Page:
Despite only being three albums into their career. Windhand has already proven to be pretty influential in the stoner/doom scene. Their own influences are easy to guess and there are plenty of groups similar in style, but I think they’re the most responsible for the current wave of occult bands whose singers sound like a swamp witch recording her vocals in a cave. Windhand’s singer, Dorthia Cottrell, was courteous enough to answer some questions we had in anticipation of their upcoming return to Indy on with Satan’s Satyrs and Wretch.
IMV: How would you describe the evolution that Windhand has undergone since your debut album? What elements of your style do you think have changed or stayed the same?
DC: I have no idea, I think we’ve pretty much kept the same philosophy since the beginning, we just want to play music that we like.
IMV: As a listener, I’ve noticed that the vocals have become increasingly prominent in the mix with each album that you have put out, especially on Grief’s Infernal Flower. Was this a stylistic choice or do you feel the vocals may have become more confident?
DC: Well I think we’ve always preferred the vocals to be more like an instrument, blending into the music. I think it just makes everything sound heavier that way. The vocals on Grief’s Infernal Flower were a little more up front than our other albums but maybe that has more to do with Jack Endino and his input. Also, in the beginning we were playing smaller bars and house shows with P.A.’s that were not as loud, so I think having the vocals a little deeper in the mix was more true to the way we sounded live.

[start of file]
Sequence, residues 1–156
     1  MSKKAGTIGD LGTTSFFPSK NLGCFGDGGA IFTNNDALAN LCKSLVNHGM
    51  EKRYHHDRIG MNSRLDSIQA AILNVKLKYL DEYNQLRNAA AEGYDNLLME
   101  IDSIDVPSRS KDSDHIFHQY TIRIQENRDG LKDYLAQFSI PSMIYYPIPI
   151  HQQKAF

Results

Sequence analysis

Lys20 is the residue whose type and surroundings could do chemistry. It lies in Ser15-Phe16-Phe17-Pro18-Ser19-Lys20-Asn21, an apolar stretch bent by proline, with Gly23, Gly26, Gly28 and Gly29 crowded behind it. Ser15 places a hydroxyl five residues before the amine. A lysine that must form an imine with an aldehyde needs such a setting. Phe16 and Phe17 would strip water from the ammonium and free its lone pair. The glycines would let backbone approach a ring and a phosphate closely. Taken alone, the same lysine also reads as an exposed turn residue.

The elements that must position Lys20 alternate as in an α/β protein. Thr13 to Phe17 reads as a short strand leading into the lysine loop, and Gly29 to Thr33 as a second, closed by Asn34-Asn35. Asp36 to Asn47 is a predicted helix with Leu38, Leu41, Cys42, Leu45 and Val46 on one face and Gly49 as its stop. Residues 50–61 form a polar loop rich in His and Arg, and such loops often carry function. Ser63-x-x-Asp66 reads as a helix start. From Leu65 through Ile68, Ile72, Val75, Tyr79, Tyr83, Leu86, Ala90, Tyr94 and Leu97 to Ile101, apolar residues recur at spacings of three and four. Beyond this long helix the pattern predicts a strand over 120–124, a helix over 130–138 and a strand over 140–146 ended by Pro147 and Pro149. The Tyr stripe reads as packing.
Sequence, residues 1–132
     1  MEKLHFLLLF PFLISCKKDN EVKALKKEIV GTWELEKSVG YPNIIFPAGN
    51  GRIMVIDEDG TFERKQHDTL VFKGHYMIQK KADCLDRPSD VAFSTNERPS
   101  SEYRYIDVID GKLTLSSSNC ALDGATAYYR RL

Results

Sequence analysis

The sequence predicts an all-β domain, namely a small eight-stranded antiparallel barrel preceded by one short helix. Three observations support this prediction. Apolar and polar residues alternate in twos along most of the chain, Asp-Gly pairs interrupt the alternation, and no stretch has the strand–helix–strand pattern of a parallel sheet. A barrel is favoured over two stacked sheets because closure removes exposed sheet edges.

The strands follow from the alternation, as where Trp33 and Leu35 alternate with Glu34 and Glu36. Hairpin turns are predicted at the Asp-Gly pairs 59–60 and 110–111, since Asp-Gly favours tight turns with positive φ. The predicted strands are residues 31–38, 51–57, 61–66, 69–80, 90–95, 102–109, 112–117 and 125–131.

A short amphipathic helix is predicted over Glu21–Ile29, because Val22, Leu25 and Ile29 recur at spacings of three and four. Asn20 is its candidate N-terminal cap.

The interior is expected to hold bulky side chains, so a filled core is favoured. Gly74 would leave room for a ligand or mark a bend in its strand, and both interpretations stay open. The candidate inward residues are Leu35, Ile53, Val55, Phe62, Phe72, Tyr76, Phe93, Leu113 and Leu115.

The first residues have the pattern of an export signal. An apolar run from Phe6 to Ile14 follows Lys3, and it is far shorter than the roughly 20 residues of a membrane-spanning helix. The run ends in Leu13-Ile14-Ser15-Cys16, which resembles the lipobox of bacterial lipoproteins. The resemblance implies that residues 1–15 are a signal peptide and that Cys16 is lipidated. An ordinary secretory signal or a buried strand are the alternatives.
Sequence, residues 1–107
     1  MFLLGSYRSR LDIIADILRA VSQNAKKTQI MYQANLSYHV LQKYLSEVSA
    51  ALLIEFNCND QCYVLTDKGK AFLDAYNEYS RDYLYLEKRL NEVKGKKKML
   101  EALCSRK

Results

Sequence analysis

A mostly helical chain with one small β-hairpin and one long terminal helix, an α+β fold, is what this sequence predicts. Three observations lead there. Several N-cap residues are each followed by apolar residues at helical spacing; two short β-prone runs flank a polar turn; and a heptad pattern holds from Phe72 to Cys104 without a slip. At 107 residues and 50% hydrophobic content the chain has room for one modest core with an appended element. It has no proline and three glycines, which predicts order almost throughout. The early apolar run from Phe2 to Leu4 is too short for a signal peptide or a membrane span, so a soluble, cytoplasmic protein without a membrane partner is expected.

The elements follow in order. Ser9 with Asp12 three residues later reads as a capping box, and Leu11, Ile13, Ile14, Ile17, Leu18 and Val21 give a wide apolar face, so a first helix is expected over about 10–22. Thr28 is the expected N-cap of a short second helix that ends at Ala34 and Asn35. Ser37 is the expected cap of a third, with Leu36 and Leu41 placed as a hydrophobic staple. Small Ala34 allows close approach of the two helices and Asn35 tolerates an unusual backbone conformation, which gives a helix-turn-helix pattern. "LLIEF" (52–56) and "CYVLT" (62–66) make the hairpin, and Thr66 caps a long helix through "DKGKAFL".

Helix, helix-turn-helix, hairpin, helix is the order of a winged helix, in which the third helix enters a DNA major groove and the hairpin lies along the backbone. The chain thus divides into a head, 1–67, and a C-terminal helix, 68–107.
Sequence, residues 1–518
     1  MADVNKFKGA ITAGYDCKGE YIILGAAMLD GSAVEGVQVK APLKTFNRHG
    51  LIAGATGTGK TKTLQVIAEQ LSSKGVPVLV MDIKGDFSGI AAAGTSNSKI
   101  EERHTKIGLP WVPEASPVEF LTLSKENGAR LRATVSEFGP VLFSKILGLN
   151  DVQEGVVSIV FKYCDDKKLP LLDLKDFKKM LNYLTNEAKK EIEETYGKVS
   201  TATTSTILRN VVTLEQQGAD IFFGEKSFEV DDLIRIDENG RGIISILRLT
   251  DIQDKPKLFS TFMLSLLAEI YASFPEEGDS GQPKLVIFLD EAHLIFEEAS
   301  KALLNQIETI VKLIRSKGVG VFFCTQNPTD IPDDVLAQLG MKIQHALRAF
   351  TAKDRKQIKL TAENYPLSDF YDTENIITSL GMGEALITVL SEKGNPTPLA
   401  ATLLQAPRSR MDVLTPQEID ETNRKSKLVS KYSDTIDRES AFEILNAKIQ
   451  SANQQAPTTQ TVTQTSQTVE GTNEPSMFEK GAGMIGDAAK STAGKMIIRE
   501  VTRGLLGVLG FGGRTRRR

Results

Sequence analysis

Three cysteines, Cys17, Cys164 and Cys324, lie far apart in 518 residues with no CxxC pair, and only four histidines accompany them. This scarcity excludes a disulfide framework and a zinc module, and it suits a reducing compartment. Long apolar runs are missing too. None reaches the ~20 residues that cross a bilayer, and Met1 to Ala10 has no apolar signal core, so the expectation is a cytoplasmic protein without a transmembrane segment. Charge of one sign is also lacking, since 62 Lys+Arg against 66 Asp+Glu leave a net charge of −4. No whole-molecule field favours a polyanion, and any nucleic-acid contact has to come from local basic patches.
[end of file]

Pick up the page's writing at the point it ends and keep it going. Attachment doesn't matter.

IMV: Your acoustic solo album was one of my favorite releases that came out in 2015. Seeing how Windhand has included the odd acoustic song on albums, how did you decide which songs were appropriate for your solo output and which were appropriate for Windhand?
DC: The acoustic songs on the Windhand albums were all written specifically with Windhand in mind. Most of the songs on my solo album were written before I ever joined Windhand.
IMV: What is your songwriting process like as a band?
DC: Usually one person will bring in a riff or part of a song and then we’ll all try to arrange, add or subtract. Everyone has a hand at some point but I’d say the majority of the time Garrett will think about it for a few days and then come in with a rough arrangement and then we’ll just play a hundred thousand times to see if it feels right and I’ll write the vocal stuff.
IMV: How do you see Windhand’s style evolving on future efforts? Are there any influences that you would like to expand on or tap into that you haven’t yet?
DC: It’s hard to try to predict how we will “evolve” because that’s just not something we think about when we are writing. We never purposely try to push the songs in any certain direction, we just try to write songs that we like to play and hope people will like to listen to them. The music that we all listen to is so varied but I don’t think any of us have ever thought, “Ok I want to write a song that is 43% Black Sabbath, 12% Deep Purple, 45% Nirvana.” It just doesn’t work like that.
IMV: What song do you think best describes Windhand as a band?
DC: I think “Forest Clouds” is a good example of our sound. It has a little bit of everything that we like to do on it.
IMV: What sort of music are you guys listening to lately? Are any particular bands that you would recommend?
DC: Danava always blows my mind when I see them play. We did a tour with them a couple years ago and hadn’t seen them play again until we played together in Portland for Stumpfest in April and they are just amazing musicians and performers and great people. It is kind of jarring how good they are when you’re watching them live.
IMV: What’s next for Windhand? When can fans expect a new album?
DC: We will be doing Psycho Las Vegas this summer as well as a European tour in the fall and then we’re going to be making time to sit down and write the next album.